This is why they don't want us using it.
They use more traditional means to go after people who used Silk Road or (ugh) the pedos, specifically because the anonymity factor works and they can't use modern tracing to determine the identity of users anywhere near as easily. So they use plants, they track real-world items when they're shipped, all traditional investigation techniques.I highly doubt there's any sort of back door or magic encryption key they can use to just figure out the personal information of anyone who uses TOR. The worst they can do is run their own exit node (I'd be surprised if they didn't have multiple exit nodes), which being the last stop on the encryption train, knows every page that's visited by specific connections. Tracing those connections through the peer nodes however is undoubtedly painstaking, and more than likely not worth the effort when you can much more easily just have some guy infiltrate a pedo ring as a user, or convince an existing member to rat out the others.
As for torrent files, they are small enough that they can be transferred through the drip-drop slow TOR network without issue for sure. If anyone ever decided to put together an onion site that housed torrent downloads, it could absolutely work. Torrent sites don't need fancy graphics, plain text descriptions and an apt directory of the torrents they house is all there needs to be. A torrent client could even be able to use that site as a tracker so long as it's got some TOR functionality built into the client, as very little information needs to come directly from the trackers.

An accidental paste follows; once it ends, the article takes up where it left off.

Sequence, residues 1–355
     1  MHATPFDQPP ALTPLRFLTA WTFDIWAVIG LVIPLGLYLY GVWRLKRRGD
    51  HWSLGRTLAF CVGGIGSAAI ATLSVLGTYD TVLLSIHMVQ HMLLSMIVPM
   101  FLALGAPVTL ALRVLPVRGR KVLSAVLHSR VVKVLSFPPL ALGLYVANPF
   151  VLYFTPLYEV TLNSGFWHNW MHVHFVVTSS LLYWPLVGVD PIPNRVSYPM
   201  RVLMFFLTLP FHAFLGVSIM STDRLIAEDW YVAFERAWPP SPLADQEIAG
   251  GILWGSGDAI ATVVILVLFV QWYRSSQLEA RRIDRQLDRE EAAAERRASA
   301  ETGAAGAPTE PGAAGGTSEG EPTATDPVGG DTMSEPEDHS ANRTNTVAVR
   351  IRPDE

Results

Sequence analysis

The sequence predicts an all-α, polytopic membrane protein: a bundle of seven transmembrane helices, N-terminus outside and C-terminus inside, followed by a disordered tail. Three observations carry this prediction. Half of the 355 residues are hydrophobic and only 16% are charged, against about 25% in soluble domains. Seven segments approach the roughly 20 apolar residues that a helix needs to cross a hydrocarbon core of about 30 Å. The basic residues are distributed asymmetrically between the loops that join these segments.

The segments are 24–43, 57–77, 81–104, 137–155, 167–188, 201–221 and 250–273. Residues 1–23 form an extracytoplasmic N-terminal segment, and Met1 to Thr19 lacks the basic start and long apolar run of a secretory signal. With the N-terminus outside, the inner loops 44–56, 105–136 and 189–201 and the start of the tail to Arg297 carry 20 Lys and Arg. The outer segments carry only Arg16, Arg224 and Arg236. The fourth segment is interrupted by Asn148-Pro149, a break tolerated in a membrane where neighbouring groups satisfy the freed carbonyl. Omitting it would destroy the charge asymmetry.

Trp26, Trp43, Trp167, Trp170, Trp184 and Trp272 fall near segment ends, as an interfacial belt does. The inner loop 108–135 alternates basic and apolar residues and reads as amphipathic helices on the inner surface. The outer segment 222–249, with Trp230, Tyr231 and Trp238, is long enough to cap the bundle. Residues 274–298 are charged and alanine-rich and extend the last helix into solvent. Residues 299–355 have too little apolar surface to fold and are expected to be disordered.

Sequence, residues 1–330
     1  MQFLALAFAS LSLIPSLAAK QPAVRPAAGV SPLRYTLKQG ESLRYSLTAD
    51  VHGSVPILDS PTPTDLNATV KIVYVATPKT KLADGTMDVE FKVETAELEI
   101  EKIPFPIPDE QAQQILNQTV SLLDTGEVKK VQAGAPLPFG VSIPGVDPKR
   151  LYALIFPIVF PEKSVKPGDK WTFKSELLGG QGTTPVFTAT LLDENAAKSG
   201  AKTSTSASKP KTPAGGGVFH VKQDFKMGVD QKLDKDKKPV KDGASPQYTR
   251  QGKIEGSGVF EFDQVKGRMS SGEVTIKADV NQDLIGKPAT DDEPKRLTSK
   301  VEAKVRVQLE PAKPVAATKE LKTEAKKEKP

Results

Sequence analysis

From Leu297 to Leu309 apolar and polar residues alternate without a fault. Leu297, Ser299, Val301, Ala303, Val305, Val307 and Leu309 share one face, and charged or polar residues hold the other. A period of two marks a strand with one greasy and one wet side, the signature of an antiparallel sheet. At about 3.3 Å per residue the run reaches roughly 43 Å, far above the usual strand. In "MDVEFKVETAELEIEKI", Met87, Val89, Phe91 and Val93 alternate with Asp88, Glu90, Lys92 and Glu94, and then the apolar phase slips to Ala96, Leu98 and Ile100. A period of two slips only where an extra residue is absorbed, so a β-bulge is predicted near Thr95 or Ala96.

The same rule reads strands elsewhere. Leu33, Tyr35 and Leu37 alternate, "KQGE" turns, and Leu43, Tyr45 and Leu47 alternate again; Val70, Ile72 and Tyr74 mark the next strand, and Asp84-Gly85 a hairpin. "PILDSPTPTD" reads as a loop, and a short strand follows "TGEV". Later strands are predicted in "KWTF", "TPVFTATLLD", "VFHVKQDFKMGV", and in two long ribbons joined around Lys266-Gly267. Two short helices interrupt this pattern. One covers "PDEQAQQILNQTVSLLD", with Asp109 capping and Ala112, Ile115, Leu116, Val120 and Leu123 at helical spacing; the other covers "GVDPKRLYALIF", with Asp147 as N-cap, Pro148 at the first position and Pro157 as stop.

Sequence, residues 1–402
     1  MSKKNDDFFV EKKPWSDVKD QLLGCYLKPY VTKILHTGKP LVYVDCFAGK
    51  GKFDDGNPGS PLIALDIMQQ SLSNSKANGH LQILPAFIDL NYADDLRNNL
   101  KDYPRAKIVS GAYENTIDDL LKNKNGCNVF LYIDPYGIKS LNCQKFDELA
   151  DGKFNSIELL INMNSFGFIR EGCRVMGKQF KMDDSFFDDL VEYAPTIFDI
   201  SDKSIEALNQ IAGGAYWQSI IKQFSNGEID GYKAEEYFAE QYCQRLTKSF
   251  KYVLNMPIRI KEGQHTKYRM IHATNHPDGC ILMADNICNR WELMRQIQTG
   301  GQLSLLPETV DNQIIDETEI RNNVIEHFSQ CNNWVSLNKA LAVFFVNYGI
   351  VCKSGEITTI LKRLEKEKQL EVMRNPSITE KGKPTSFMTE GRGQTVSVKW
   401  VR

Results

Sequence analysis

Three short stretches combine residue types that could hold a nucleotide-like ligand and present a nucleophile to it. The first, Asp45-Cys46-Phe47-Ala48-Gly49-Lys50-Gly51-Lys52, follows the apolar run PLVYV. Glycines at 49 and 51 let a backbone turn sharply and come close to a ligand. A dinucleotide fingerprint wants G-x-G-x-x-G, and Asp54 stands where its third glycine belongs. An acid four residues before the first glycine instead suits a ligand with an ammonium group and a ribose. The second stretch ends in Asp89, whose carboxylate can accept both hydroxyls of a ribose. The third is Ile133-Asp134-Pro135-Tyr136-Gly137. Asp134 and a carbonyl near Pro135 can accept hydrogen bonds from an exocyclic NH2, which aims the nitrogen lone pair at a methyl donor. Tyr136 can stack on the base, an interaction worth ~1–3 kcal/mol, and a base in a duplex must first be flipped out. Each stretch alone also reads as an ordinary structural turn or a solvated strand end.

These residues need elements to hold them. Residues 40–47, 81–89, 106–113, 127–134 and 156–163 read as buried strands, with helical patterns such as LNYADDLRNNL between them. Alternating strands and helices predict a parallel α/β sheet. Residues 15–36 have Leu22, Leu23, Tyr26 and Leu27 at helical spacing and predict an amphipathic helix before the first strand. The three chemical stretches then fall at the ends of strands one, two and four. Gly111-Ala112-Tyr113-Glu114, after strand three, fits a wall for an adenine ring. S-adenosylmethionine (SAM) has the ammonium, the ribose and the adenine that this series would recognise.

After that though, you're right back to having to use the standard web for the actual peer-to-peer transfers, but there's steps that people already take (turning off peer exchange, disallowing incoming legacy connections, forcing outgoing encryption) to make it less likely that they'll leave an IP footprint that media companies can use to find them.
So the bottom line with torrenting, even if we can one day soon use TOR to help, is still discretion. You take a chance every time you download something, so you should be prepared for the possible consequences regardless of anything you do to protect yourself further from the average downloader. These days downloaders are really only in trouble with their ISPs, it's the uploaders that're the big fish worth chasing for the content owners.
Forgot to mention that with TOR there's a button that will change your path through the network on-the-fly. It's there for a reason, use it!
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